On the other hand, she continues, “as an actress, you can’t operate on zero and you have to push yourself through sometimes.… Some days are struggles and [then] I have a wellspring of emotion to tap.”
As for the regular exercise that’s an important part of self-care, Leigh gets a lot of physical activity on the Supergirl set. She’s been channeling Alexandra Danvers since Supergirl launched in 2015, although at first she wasn’t sure she was cut out for all the jumping, punching, and roundhouse kicks. (In January, the show was renewed for a sixth season.)
“I happen to work on an action-packed show, so I get to climb several sets of stairs in 2½-inch wedge shoes and I’m moving all day long,” explains the actress, who does as many of her own stunts as she’s allowed.
Another plus about her job: The cast and crew of Supergirl have been incredibly supportive, she says: “We are all big advocates for speaking up and being mindful of where you are at [in life].”
In fact, co-star Chris Wood (Mon-El) and his wife, Melissa Benoist (Supergirl herself), joined forces with the National Alliance on Mental Illness (NAMI) to launch the I Don’t Mind anti-stigma campaign in 2017. Benoist disclosed a history of depression dating to her teens.
“There’s always a way through it and there’s always someone ready and willing to listen. You just have to know that you don’t have to feel ashamed,” Benoist urged at the time.
Leigh is totally on that bandwagon. Speaking out is a way for her to help others, but she says speaking up is the best thing to do for yourself. Her advice to those who are struggling: Talk to somebody you love. Trust in a health-care professional, co-worker, family member, friend, or clergy member, and let them know what is going on with you.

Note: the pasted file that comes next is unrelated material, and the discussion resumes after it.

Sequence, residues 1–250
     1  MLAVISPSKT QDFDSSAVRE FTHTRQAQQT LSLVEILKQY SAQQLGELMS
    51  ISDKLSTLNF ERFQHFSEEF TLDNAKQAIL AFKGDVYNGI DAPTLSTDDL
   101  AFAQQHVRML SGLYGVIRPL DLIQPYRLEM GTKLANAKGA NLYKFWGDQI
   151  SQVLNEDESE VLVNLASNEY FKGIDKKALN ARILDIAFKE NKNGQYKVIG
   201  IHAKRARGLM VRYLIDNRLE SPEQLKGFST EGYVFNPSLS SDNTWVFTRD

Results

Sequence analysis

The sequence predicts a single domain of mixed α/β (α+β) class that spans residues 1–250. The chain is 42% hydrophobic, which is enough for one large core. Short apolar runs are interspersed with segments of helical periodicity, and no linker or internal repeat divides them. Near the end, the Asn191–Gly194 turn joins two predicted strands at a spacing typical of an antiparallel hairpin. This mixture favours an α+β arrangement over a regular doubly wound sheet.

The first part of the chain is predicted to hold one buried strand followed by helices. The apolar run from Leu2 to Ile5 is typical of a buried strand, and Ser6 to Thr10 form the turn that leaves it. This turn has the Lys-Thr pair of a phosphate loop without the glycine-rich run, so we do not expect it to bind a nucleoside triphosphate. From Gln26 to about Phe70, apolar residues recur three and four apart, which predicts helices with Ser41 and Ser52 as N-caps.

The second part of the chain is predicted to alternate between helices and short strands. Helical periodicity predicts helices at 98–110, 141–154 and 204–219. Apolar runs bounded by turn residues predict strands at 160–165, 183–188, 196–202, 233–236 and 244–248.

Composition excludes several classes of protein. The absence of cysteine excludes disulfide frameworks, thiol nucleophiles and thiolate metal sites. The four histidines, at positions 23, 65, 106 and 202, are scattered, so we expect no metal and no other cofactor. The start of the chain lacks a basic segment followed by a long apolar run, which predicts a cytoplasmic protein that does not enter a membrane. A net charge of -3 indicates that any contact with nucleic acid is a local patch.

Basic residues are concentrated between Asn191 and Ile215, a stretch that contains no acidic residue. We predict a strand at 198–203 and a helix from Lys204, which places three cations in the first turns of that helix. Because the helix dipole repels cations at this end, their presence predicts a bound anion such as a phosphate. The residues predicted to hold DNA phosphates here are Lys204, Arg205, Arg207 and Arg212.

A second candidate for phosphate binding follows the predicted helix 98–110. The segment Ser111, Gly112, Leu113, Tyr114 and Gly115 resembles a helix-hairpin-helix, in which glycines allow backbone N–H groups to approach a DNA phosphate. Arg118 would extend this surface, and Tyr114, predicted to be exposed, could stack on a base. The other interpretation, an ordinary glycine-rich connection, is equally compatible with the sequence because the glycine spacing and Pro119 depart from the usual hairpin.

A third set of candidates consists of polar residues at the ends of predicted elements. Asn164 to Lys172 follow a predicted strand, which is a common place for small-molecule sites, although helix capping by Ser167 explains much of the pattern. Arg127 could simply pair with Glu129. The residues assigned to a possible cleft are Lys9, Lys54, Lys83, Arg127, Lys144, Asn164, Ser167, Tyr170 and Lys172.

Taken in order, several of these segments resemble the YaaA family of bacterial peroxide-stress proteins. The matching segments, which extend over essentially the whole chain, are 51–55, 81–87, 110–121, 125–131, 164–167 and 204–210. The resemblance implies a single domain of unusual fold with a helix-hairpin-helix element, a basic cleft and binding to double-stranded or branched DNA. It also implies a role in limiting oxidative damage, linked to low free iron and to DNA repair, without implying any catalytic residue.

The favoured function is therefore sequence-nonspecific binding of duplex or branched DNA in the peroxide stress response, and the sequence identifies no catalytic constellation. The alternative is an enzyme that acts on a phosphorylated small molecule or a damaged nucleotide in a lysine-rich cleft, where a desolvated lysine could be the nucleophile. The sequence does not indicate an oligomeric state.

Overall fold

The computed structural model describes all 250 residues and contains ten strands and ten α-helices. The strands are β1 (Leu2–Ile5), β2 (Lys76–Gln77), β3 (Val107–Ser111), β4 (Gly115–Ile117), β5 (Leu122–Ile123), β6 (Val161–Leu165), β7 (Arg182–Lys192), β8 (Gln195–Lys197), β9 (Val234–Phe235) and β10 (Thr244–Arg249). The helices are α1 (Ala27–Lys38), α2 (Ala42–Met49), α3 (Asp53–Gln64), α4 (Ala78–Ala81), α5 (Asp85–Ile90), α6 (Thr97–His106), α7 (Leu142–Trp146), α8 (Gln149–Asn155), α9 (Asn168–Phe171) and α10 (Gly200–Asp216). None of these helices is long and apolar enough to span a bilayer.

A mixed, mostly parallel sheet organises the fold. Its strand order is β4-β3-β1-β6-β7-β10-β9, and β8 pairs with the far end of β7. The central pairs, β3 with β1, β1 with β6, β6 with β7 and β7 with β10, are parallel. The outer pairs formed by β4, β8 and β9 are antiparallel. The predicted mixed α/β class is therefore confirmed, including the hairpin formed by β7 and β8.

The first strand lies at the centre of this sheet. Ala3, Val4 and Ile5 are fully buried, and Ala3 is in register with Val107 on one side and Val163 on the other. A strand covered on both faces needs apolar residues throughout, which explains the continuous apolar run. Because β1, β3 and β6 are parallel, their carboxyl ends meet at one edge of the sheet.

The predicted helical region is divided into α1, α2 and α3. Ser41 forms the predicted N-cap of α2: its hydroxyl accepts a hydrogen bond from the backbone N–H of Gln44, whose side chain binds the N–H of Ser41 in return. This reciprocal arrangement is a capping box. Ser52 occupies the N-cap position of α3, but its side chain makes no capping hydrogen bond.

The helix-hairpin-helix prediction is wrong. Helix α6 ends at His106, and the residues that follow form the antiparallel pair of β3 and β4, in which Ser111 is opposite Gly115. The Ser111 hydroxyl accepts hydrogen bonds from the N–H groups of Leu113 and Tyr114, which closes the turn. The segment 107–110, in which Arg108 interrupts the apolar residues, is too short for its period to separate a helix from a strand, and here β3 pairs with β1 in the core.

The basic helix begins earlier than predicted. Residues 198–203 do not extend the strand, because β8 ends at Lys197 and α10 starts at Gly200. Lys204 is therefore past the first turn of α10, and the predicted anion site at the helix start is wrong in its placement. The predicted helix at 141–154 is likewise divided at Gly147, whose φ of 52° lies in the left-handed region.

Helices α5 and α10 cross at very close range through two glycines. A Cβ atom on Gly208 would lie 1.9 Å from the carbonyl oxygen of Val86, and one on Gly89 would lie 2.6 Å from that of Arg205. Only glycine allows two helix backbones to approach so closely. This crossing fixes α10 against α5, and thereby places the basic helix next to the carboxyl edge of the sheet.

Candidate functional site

Part of Be Vocal’s mission is to make it easier for people to share their stories and diagnoses with friends and co-workers. That’s not to say everyone has to open up, now or ever.
“There shouldn’t be any pressure to have to say where you are at or tell your story,” Leigh notes.
With her treatment plan, social support, and self-care efforts, Leigh says she’s in a good place these days physically and mentally. As they say on Supergirl, all is right with worlds.
Add one more similarity between Leigh and her character: “We are both full of hope and doing good amid a lot of chaos.”
• • • • •
Be Vocal: Speak Up for Mental Health
Since 2015, Be Vocal: Speak Up for Mental Health, has pursued its mission to change how mental health is portrayed and discussed, and to make it easier for individuals to talk about their own mental wellness challenges if and when they choose to do so.
The Be Vocal website (bevocalspeakup.com) offers resources, tools, and prompts to get this difficult conversation started.
A new Instagram presence, @bevocal.speakup, exemplifies Be Vocal’s campaign to promote a healthy, mindful social media experience.
Social media tip sheets provide advice on avoiding negative and triggering material (including how to set the manual filter tool to screen out specific keywords or terms), creating a healthier online environment (use nonjudgmental, “people-first” language), and providing support when someone seems to be in need (watch for certain phrases and hashtags that indicate someone is at risk).
Another aspect of Be Vocal involves empowering people living with mental health conditions to speak up as a community to improve mental health policies.
Be Vocal is an initiative of Sunovion Pharmaceuticals Inc. in partnership with six leading mental health advocacy organizations: AFSP, Depression and Bipolar Support Alliance, The Jed Foundation, Mental Health America, The National Alliance on Mental Illness, and The National Council for Behavioral Health.
Printed as “Supergirl Actor Chyler Leigh: Fighting the Good Fight,” Spring 2020